Saint Croix Island International Historic Site

Across from Saint Croix Island International Historic Site, where Europeans first made their presence known in North America during the winter of 1604-05, sit the partially submerged remains of an early 20th century industrial site: the Red Beach Wharf. At its height in the early 1900’s, the Red Beach Industrial Port is estimated to have employed over 400 individuals in both the granite and plaster trades served by the wharf. But all was lost in 1926, when a major fire devastated the area.

Today, all that’s left are timbers of the collapsed wharf, yet they tell an important story nonetheless. So when the National Parks Service that manages the site decided they wanted an accurate 3d laser scan of the remaining timbers, they wasted no time in calling Feldman. In rapid response, we were on site working around tidal conditions that altered by as much as 20 feet twice daily!

For Feldman, it was just another opportunity to get it right from the ground up… even if that meant working at drastically changing sea levels.

HMS Somerset

After rescuing British troops in the aftermath of the Battles of Concord and Lexington, the fate of the British Man-of-War HMS Somerset later changed when she was driven ashore and sunk in stormy Cape Cod waters on November 2, 1778.

Then in 2010, when the same waters gouged out the shoreline in a vicious storm, it was Feldman that responded in rapid fashion to the National Parks Services’ request to gather as much data and control points as possible of the historic site before the partially exposed wreck was covered once again.

So when history is on the line, Feldman is just a call away.

Charles W. Morgan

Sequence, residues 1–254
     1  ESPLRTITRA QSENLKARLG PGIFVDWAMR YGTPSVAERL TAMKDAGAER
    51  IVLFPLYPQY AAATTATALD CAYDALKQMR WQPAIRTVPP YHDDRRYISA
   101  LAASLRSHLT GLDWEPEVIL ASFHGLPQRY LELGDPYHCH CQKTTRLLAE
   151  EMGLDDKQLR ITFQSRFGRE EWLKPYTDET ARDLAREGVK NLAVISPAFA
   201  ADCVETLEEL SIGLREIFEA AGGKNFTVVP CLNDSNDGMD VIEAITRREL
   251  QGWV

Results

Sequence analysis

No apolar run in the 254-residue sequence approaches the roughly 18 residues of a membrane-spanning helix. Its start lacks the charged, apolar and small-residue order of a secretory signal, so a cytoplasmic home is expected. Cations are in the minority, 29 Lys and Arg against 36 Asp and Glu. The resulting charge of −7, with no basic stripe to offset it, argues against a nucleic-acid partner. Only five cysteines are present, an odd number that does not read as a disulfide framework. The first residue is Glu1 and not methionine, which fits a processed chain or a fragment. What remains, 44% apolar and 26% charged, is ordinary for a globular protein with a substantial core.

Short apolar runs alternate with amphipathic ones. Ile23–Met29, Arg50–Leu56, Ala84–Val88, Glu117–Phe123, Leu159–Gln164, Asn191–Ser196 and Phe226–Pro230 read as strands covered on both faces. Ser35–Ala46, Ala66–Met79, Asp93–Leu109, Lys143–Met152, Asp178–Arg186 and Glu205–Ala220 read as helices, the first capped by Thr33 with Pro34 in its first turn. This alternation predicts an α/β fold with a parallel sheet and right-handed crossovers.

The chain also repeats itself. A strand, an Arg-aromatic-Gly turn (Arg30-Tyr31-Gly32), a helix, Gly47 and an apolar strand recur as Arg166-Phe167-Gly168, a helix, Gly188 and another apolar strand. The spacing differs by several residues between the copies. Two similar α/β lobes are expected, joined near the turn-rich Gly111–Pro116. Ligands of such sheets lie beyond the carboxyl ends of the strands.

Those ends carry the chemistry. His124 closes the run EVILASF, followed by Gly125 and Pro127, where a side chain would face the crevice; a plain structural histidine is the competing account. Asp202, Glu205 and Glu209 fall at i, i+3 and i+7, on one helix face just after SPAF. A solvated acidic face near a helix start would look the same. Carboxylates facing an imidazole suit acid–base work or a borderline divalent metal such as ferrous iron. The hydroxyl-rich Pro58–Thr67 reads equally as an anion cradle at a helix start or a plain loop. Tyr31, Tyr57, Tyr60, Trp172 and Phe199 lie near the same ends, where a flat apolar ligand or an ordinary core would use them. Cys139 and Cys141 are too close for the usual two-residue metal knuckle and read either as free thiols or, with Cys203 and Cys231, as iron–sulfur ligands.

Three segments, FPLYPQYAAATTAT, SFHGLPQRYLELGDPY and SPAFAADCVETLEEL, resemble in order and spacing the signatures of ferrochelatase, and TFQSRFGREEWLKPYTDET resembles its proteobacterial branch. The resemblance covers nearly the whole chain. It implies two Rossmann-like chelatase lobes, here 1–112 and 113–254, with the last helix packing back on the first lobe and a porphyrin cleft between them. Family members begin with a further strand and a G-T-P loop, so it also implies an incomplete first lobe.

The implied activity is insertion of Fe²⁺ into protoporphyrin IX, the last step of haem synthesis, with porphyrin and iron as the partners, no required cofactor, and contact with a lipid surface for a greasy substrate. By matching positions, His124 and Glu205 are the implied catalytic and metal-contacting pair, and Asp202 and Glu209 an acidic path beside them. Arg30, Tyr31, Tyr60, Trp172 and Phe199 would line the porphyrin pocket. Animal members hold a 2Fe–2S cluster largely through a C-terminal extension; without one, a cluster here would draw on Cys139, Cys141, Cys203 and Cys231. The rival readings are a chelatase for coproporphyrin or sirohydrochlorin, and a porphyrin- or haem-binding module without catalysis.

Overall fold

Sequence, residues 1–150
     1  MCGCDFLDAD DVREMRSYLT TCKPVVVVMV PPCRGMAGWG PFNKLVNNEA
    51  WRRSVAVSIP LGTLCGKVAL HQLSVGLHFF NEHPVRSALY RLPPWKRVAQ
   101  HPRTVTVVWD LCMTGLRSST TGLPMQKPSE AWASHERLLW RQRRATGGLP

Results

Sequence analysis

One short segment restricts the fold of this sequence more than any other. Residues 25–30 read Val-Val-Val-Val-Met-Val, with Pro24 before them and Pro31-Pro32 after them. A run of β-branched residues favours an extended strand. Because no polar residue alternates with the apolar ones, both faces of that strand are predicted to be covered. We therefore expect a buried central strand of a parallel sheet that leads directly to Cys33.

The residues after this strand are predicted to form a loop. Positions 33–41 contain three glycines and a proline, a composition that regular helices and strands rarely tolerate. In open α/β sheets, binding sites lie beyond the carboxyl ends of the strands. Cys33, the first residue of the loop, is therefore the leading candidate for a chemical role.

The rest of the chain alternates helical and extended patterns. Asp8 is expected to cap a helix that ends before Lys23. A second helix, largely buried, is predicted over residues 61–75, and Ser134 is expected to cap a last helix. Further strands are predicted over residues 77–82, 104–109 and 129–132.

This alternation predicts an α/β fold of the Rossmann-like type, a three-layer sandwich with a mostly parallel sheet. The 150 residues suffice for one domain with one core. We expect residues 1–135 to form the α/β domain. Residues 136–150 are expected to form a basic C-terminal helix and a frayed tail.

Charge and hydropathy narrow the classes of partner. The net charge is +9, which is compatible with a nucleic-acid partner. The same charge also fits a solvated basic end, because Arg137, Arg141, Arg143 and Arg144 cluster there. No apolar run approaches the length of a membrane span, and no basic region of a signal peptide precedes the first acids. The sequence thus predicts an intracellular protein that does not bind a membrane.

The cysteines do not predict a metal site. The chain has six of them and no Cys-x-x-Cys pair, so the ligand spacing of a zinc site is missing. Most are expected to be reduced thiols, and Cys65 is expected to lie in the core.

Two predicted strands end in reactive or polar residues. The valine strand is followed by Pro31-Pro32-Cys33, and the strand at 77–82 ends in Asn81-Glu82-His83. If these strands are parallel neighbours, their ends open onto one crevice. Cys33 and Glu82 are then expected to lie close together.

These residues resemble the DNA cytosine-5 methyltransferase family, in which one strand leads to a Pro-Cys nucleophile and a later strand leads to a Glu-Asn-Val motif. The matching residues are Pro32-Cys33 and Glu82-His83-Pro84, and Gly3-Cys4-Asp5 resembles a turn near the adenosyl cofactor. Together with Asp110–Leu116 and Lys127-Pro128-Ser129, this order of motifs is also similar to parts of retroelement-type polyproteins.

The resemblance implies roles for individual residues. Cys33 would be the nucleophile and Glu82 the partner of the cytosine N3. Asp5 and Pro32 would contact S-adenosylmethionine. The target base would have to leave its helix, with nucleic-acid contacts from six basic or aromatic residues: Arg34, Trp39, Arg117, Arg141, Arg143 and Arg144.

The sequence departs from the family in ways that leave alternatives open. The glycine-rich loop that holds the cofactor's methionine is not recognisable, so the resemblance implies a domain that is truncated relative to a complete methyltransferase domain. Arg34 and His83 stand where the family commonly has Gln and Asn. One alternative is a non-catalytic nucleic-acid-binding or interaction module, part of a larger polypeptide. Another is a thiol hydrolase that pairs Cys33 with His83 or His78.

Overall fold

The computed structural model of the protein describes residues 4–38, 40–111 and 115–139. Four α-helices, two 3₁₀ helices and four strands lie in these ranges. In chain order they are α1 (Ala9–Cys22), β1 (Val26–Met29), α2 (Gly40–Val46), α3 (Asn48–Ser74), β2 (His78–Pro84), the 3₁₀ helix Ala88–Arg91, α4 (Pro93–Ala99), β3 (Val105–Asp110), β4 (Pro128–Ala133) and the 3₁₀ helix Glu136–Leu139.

Now proudly berthed at Mystic Seaport as a floating museum, the Charles W. Morgan is the last American wooden whaling vessel afloat. Only the USS Constitution has a longer history of service.

But back in 2008, after a century and a half of exposure to the elements—including gravel beaching—the Morgan’s last remaining original timbers from 1841 were in sore need of repair.

Eventually, the nation’s oldest commercial ship came in for a major rehaul, but her original plans were nowhere to be found. Fortunately, the trained crew from Feldman was proud to carry out 3d laser scanning in nine successive phases in order to capture the entire restoration project from original conditions to the final instillation of new timbers.

Make conserving, documenting, and educating a success: get Feldman aboard your next project.

Longfellow House, Washington’s Headquarters National Historic Site

The house that served as home to Henry Longfellow and headquarters for George Washington throughout the Siege of Boston was also the site where members of Feldman helped train students and National Parks Service staff on the finer points of using 3d laser scanning and ground penetrating radar, as well as how to integrate the two in three dimensions.